The Taliban celebrated Afghanistan’s Independence Day Thursday by declaring they had beaten the United States, but challenges to their regime, ranging from running the country’s frozen government to potential armed opposition, have started to emerge.
From cash-strapped ATMs to concerns about food in this import-dependent country of 38 million people, the Taliban face all the challenges of the civilian government they dethroned without the level of international aid that he was benefiting. Meanwhile, opposition figures fleeing to Afghanistan’s Panjshir Valley are now talking about launching armed resistance under the banner of the Northern Alliance, which allied with the United States in the invasion of 2001.
The Taliban have so far not come up with any plan for the government they plan to lead, other than to say that it will be guided by Sharia, or Islamic law. But the pressure continues to mount.
“A humanitarian crisis of incredible proportions is unfolding before our eyes,” warned Mary Ellen McGroarty, head of the World Food Program in Afghanistan.
Thursday marked Afghanistan’s Independence Day, which commemorates the 1919 treaty that ended British rule in the Central Asian country.
“Fortunately, today we are celebrating the anniversary of British independence,” the Taliban said. our sacred territory of Afghanistan.
However, insurgents did not acknowledge their violent crackdown on a protest Wednesday in the eastern city of Jalalabad, which saw protests lower the Taliban flag and replace it with the tricolor of Afghanistan. At least one person was killed.
In Khost, the Taliban authorities imposed a 24-hour curfew in the province after violently dispersing a similar demonstration under the flag, according to reports obtained by journalists from abroad. Activists did not immediately recognize the incident, nor the provincial curfew.
While urging people to return to work, most government officials remain in hiding at home or try to flee the Taliban. Questions remain about Afghanistan’s $ 9 billion foreign reserves, the vast majority of which are now apparently frozen in the United States. its currency, the afghani.
Meanwhile, a drought has resulted in the loss of more than 40% of the country’s crops, McGroarty said. Many fled the advancing Taliban and now live in parks and open spaces in Kabul.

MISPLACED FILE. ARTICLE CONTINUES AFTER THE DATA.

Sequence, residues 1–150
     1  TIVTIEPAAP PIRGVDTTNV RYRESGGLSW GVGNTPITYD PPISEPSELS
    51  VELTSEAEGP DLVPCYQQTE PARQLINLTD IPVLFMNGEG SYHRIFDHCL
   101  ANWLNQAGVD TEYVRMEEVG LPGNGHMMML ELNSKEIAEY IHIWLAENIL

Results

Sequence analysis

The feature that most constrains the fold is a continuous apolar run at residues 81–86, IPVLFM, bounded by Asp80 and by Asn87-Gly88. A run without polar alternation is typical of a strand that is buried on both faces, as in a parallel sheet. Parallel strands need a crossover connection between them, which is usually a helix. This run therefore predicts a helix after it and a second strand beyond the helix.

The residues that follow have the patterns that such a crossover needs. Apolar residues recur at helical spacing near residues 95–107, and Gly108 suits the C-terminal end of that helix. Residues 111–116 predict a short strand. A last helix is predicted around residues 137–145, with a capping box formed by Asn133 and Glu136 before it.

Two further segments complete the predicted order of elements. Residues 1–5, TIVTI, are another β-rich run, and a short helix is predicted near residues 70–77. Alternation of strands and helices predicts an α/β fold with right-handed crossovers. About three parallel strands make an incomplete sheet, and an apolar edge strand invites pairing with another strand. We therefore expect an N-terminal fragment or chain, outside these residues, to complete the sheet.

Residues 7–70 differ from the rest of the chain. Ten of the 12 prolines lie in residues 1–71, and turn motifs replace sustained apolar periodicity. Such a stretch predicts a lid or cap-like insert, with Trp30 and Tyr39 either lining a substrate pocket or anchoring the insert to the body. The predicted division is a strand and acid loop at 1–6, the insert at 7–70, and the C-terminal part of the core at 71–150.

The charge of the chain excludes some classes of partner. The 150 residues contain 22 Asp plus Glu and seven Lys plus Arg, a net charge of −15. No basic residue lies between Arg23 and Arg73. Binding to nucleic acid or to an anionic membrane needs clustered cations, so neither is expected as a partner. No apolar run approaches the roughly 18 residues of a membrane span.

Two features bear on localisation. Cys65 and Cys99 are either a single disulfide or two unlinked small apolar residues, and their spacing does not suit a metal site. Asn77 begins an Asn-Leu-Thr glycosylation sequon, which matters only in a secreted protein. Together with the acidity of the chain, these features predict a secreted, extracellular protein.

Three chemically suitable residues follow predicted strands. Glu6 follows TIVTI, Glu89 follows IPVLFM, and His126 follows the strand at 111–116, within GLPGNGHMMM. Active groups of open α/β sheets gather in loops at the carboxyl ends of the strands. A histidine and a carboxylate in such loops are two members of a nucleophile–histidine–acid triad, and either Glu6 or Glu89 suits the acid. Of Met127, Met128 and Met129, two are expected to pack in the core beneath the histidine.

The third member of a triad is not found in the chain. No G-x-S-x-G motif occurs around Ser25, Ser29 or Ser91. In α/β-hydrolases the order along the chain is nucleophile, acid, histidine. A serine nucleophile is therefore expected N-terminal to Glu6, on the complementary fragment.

“This is truly the hour when Afghanistan needs it most, and we urge the international community to stand by the Afghan people at this time,” she said.
Mahdi Ali, who owns a grocery store in western Kabul, said that although some markets and stores had started to open, challenges remained.
“Today I bought as much as possible from local businesses that bring groceries with cars,” he said. During this time, he saw Taliban fighters seize government cars and set up checkpoints to search vehicles. Activists also checked his store several times.
Two of Afghanistan’s main border crossings with Pakistan, Torkham near Jalalabad and Chaman near Spin Boldak, are now open to cross-border trade. Hundreds of trucks passed by, Pakistani Interior Minister Sheikh Rashid Ahmed said. However, traders still fear insecurity on the roads, confusion over tariffs and pressures to make their goods even more expensive given economic conditions.
There was no armed opposition to the Taliban. But videos from the Panjshir Valley north of Kabul, a stronghold of Northern Alliance militias that allied with the United States in the 2001 invasion of Afghanistan, appear to show potential figures from the opposition that gather there. This area is in the only province that has not fallen to the hands of the Taliban.
These figures include members of the ousted government – Vice President Amrullah Saleh, who claimed on Twitter that he is the legitimate president of the country, and the Minister of Defense, General Bismillah Mohammadi – as well as Ahmad Massoud, the son of assassinated Northern Alliance leader Ahmad Shah. Massoud.
In an opinion piece published by the Washington Post, Massoud called for arms and help to fight the Taliban.
“I am writing today from the Panjshir Valley, ready to follow in my father’s footsteps, with Mujahedin fighters who are ready to face the Taliban again,” he wrote. “The Taliban are not a problem for the Afghan people alone. Under the control of the Taliban, Afghanistan will undoubtedly become the ground zero for radical Islamist terrorism; plots against democracies will be hatched here once again.